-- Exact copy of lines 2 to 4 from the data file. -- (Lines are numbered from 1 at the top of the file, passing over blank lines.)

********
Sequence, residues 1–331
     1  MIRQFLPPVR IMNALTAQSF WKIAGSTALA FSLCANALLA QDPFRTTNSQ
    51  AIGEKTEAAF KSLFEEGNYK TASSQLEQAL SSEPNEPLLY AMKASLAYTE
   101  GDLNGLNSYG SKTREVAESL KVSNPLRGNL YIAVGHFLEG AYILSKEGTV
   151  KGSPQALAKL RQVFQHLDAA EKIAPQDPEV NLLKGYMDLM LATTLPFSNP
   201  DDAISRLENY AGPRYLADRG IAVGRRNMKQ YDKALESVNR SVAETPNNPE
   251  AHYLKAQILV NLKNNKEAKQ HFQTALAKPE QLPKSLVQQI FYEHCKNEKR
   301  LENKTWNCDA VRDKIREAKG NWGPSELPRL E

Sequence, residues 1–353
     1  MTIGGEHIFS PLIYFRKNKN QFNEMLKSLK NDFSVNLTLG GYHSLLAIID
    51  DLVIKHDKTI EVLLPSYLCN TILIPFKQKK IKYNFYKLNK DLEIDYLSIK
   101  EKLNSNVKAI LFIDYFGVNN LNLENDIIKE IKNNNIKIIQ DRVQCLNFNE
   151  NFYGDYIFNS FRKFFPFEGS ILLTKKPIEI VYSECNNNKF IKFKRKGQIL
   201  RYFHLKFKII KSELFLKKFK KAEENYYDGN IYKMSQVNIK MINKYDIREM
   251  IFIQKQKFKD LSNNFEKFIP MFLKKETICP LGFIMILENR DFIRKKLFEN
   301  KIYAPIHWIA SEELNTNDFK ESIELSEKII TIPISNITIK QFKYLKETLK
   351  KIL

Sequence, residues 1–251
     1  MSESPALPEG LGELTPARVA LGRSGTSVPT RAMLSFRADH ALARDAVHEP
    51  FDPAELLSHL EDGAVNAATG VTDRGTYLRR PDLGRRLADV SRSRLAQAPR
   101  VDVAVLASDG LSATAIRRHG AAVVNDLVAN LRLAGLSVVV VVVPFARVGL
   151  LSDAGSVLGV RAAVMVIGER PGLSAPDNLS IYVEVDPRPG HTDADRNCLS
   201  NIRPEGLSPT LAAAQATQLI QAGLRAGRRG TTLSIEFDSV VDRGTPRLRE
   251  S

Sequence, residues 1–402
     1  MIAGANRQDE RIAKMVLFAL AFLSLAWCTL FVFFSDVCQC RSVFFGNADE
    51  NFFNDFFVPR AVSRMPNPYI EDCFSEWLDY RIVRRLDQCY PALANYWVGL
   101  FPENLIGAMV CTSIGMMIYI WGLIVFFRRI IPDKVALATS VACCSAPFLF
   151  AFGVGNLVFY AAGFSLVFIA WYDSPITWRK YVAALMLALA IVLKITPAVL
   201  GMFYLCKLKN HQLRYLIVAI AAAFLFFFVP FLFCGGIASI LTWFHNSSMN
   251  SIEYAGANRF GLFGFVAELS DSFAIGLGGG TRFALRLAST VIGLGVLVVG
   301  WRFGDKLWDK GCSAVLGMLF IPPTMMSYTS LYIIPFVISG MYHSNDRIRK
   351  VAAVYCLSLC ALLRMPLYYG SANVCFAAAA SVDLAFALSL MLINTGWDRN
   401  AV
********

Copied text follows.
     1  MIRQFLPPVR IMNALTAQSF WKIAGSTALA FSLCANALLA QDPFRTTNSQ
    51  AIGEKTEAAF KSLFEEGNYK TASSQLEQAL SSEPNEPLLY AMKASLAYTE
   101  GDLNGLNSYG SKTREVAESL KVSNPLRGNL YIAVGHFLEG AYILSKEGTV